Toronto-based cloud photo storage startup MyShoebox today announced a major milestone: the company has already stored and indexed 13.4 million photos from its users, in just its first month of availability, which represents more pictures than are stored in the entire Library of Congress. MyShoebox is also now storing an average of 3,275 photos per user on average, up significantly from the 2,600 it was managing for each user after its first week.
Founder and CEO Steve Cosman took the stage today at Extreme Startups Demo Day, where MyShoebox was among the accelerator’s current cohort. Cosman shared his startup’s impressive early traction, which represents strong performance for a company ostensibly entering a competitive space that includes Facebook, Flickr, Dropbox and other heavy hitters. In fact, it captures 27 times more pictures than Flickr.
MyShoebox offers a cloud photo storage service that goes beyond what most of those other companies provide, however, with a tool that can scan every photo on your computer (or in specific subfolders only), upload those to the cloud and make them available across devices for later viewing, complete with automatic organization options that group photos by location, the type of device they were taken with, dates and more. It also uses a clever implementation of natural language processing for easy search and filtering of your images.
For free, MyShoebox offers access to 1024 max pixel width versions of all your photos from its servers. For a $5 monthly subscription, you can upgrade to a premium plan that allows access to full resolution versions of all pics stored on the service. Users signed up for the service so far are all still on free trials, since the service launched less than 30 days ago, but the payment system for the product went live two days ago, and already the company is starting to see its first revenue roll in from users. While it’s too early yet to talk about conversion rates, Cosman explained why he has high hopes that free users will turn into paying customers.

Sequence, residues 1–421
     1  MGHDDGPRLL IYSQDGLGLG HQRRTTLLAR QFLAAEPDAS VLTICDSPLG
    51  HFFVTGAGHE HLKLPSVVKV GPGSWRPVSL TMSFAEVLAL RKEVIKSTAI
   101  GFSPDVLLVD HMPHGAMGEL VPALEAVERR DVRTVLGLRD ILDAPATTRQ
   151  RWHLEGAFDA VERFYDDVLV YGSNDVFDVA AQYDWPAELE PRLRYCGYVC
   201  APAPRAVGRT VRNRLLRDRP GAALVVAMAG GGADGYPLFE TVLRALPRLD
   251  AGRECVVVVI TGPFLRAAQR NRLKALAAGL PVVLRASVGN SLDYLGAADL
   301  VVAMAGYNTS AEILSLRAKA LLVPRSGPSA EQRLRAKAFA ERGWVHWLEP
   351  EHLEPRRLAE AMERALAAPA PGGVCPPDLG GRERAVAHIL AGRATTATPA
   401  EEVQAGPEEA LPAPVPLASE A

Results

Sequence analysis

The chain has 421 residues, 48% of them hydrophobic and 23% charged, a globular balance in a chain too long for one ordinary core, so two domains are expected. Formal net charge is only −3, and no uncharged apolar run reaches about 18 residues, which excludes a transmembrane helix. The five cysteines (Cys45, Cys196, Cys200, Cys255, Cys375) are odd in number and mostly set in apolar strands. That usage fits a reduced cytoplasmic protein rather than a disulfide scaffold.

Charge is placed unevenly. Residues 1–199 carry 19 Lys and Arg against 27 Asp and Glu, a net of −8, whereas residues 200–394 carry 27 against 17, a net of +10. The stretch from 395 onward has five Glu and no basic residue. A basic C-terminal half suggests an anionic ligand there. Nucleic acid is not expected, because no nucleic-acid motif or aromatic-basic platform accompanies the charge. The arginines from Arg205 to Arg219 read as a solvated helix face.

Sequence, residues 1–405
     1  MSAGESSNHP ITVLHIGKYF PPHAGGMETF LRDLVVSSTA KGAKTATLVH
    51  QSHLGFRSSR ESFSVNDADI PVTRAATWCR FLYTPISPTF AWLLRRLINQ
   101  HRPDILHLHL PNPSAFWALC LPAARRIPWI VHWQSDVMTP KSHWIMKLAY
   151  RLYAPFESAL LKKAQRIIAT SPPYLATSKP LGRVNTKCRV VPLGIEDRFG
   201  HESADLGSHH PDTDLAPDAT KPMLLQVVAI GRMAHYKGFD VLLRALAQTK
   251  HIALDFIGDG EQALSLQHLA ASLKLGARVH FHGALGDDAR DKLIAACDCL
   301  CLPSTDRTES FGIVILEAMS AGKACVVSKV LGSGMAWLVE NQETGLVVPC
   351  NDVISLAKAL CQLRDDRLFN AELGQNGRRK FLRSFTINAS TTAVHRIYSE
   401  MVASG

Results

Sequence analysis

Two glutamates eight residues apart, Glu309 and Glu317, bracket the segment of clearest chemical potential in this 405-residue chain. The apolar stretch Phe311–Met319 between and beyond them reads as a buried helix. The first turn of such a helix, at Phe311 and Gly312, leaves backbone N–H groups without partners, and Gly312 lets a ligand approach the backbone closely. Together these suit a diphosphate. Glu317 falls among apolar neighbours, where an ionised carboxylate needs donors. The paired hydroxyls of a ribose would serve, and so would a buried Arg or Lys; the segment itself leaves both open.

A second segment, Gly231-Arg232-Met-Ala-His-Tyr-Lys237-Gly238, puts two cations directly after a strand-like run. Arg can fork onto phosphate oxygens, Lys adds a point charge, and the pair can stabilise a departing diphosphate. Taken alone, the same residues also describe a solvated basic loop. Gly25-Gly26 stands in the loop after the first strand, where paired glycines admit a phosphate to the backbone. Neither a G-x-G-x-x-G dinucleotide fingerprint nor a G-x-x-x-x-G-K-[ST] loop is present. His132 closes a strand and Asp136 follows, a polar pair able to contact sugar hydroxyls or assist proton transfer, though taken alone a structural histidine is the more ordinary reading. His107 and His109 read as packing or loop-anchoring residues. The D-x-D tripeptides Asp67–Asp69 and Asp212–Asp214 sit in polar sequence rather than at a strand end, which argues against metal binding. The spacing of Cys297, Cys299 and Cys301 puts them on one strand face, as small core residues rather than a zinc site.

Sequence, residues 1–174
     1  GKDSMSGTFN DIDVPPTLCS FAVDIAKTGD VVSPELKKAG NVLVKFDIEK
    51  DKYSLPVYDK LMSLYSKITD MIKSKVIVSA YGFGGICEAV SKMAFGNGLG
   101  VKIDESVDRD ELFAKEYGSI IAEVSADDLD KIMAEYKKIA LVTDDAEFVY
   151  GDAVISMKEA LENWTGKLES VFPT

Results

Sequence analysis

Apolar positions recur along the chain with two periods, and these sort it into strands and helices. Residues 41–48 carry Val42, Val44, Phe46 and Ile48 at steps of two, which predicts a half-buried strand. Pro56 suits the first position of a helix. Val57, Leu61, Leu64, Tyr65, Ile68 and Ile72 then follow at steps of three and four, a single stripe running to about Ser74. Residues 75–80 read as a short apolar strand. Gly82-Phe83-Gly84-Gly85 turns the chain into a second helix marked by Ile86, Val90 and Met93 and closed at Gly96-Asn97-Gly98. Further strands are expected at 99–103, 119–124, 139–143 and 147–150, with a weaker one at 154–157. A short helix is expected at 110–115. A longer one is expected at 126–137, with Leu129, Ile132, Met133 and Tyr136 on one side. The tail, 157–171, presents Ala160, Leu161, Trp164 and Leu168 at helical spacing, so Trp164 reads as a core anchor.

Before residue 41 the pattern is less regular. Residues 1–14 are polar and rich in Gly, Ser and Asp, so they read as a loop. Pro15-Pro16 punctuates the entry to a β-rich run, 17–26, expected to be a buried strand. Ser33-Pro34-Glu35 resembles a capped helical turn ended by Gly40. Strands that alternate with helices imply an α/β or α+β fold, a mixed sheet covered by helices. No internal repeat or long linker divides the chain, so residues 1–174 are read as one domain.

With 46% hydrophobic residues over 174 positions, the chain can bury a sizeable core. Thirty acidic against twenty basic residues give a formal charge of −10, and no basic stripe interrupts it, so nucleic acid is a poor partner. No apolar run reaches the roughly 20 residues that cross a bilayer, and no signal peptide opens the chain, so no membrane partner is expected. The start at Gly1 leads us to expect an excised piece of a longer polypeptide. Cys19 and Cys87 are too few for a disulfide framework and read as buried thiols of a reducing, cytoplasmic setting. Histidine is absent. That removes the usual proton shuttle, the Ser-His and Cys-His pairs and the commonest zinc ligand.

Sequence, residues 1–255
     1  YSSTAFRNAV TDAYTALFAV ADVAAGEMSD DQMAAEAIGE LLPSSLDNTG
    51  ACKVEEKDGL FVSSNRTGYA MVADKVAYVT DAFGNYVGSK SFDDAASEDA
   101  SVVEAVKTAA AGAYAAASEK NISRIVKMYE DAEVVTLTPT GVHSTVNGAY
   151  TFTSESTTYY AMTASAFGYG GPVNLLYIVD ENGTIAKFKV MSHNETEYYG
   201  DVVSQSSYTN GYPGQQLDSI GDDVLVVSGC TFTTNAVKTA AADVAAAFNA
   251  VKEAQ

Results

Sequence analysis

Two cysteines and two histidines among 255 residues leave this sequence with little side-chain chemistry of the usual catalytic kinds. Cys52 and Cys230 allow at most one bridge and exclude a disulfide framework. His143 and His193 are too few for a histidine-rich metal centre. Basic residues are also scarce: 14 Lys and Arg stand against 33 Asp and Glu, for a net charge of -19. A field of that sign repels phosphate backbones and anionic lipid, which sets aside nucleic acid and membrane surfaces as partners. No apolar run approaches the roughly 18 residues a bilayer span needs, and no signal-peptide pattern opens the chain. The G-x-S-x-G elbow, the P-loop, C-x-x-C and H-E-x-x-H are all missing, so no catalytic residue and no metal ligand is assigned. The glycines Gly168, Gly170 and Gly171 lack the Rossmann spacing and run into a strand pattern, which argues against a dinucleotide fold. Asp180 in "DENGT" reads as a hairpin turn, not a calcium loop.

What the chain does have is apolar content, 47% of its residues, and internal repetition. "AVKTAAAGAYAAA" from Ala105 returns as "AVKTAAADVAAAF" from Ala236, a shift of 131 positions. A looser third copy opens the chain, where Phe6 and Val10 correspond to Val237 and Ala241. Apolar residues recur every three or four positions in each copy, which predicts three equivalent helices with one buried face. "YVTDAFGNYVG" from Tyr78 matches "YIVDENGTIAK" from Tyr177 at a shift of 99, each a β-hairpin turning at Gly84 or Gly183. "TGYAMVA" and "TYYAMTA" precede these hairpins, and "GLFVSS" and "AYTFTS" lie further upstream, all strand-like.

“The more photos a user has in the system, the more likely they are to convert to our Pro plan,” he said. “MyShoebox was created to unify your photos across all your devices, so our product design aligns to our business. The more places you install MyShoebox, the more value you see and the more likely you are to pay for our Pro option.”
Sometimes, Cosman said, they’re getting 15 photos uploaded per second, and MyShoebox has also recently introduced a referral program similar to Dropbox’s early efforts to grow its user base, which allows users to gain additional one month trials for every user they bring on board that actually uploads photos.
For future plans, Cosman said that on the immediate horizon, the goal is to get an API out the door so that other developers can build on the service.
Our own apps use the same API we plan to expose to third parties,” We’re looking for partners and open source developers for a few key apps to participate in a private beta. The most critical things on our list are an uploader for Linux, an uploader for BlackBerry and plugins for Lightroom and Aperture.”
Early adopters seem to be liking what Cosman and his team are laying down already, and the company is still at a very early stage. Currently, they’re in the process of seeking funding and building backend improvements to help them keep pace with growth. Their success is likely due to the fact that MyShoebox takes a task which users have a growing need for and essentially makes it a background service. It’s sort of like where competitors like Picasa, Dropbox and others should be, but with innovative automatic categorization options that will likely only get better with time and volume.